Dominican Military May Follow Lead of Dutch Ministry of Defense: Detain Residence Permit Holders

The Danilo Medina administration has yet again decided to allow individuals, primarily of Haitian descent, to remain in the Dominican Republic without providing the necessary documentation as required by the Regularization Plan, a now visibly failed attempt to radically alter the demographics of the once safe nation. 

As a corruption probe running from Jordan to Brazil engulfs members of the Medina clan, many argue that the president has decided to create an artificial crisis to distract from the fact that the largest contract doled out to the corruption-tainted construction firm Odebrecht was signed during his administration, and that it was heavily overvalued. 

Indeed, the Dominican Republic now finds itself in a situation that could result in a constitutional crisis, or worse, with many netizens already calling for the overthrow of the democratically-elected Medina, who is accused of caving in to international influence and of plotting to "fuse" Haiti and the Dominican Republic into one single political entity. 

In 2013, the Constitutional Tribunal under the presidency of Milton Ray Guevara clarified citizenship for more than 230,000 people of Haitian descent, with the court's president recently remaining silent on his opinion as to the fate of those who could not provide the necessary documents to acquire residence permits, arguing that the court could soon examine the constitutionality of the Regularization Plan and of the 5-year time period which the Medina administration has provided to those affected.

It is fairly likely that the Constitutional Tribunal will declare that endlessly giving extensions to foreign nationals and providing them with temporary residence permits violates the Constitution of the Republic, and it is also probable that President Medina may end up being in contempt of court, forcing the military to effectuate a coup while new elections are overseen by Milton Ray Guevara.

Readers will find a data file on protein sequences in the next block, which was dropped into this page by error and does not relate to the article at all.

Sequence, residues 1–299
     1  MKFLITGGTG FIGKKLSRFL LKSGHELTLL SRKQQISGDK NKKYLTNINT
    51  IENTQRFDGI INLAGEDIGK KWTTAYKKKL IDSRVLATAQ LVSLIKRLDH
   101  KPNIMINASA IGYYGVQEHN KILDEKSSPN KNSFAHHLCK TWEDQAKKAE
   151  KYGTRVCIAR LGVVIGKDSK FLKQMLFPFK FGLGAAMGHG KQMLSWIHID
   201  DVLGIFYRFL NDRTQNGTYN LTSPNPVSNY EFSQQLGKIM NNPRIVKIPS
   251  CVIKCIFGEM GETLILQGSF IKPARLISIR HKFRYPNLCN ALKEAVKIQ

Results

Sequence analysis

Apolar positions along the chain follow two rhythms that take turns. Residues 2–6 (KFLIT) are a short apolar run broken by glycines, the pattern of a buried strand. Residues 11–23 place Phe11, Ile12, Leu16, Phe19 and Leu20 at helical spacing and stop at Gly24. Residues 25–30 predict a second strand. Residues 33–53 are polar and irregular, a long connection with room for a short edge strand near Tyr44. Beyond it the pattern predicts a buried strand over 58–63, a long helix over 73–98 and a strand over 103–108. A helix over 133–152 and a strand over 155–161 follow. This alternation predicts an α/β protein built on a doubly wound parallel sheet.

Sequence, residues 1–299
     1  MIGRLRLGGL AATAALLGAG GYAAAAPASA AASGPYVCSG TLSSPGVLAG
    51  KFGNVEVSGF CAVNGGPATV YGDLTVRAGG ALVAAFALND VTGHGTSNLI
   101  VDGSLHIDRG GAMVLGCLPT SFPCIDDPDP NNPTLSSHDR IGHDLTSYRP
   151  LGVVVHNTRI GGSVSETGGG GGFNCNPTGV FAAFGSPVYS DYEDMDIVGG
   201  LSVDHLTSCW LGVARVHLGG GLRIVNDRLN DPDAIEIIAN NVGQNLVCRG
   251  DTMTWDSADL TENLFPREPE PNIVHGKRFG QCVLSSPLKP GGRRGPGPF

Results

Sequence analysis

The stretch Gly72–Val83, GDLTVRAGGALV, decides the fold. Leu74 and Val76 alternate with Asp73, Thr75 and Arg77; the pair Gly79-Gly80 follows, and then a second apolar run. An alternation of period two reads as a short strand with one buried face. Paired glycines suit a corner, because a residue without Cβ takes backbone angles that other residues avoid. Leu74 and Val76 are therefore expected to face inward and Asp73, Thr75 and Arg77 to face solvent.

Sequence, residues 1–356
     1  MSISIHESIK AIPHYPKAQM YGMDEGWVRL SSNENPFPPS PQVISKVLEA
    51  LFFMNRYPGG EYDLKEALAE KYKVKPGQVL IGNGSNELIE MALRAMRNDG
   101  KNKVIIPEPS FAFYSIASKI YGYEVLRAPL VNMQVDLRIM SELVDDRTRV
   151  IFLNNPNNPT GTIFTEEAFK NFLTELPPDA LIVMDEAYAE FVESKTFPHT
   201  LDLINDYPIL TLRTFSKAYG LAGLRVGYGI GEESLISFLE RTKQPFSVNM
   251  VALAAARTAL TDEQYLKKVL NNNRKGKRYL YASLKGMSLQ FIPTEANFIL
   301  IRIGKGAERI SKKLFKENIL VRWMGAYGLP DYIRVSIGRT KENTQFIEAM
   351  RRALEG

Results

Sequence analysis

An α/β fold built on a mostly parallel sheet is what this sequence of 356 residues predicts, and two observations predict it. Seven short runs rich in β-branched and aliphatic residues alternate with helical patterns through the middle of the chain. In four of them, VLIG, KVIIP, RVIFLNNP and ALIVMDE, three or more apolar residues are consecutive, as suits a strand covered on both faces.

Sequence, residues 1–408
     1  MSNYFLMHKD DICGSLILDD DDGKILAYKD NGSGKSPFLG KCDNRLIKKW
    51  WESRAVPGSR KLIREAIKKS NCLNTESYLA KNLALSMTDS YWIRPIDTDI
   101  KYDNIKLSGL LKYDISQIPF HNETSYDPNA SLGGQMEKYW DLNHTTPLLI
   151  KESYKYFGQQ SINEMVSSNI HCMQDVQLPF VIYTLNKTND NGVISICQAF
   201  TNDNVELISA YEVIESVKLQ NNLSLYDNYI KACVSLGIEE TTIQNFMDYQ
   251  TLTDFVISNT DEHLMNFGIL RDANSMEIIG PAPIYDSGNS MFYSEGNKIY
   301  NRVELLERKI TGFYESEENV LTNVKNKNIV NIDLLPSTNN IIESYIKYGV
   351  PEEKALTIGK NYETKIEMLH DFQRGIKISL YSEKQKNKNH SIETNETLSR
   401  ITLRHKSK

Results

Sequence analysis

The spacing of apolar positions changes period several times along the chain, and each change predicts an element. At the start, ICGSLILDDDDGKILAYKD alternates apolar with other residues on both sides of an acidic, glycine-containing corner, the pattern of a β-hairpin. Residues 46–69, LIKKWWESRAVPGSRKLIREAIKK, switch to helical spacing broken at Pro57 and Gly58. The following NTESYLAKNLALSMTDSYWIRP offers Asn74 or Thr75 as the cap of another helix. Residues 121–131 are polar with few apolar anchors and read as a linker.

The necessary solution? Telegraaf
With Milton Ray Guevara running a provisional government, the military will likely be ordered to deport anyone who, after 5 years, hadn't bothered to do the necessary paperwork. Human rights groups in recent weeks have accused the Dominican Republic of detaining more than 100 individuals who had residence permits provided through the Regularization Plan, but one fact has been overlooked by the Dominican media who pander to anti-Dominican groups acting as a Fifth Column: the Netherlands and other developed countries regularly detain residence permit holders for investigative purposes, with the Marechaussee -- a military/police hybrid -- grabbing one of our editors at the train station by Schipol Airport and keeping him overnight in a cell. 

Although it may seem tyrannical, the situation is dire and the Republic could crumble should the Dominican military not follow the lead of the Marechaussee and begin detaining the 230,000 Haitians who've been granted unconstitutional extensions to their temporary residence permits by President Medina. At this stage in history, a provisional military government may be the only thing that could prevent the Dominican Republic from falling into anarchy, ending up a failed state like Haiti.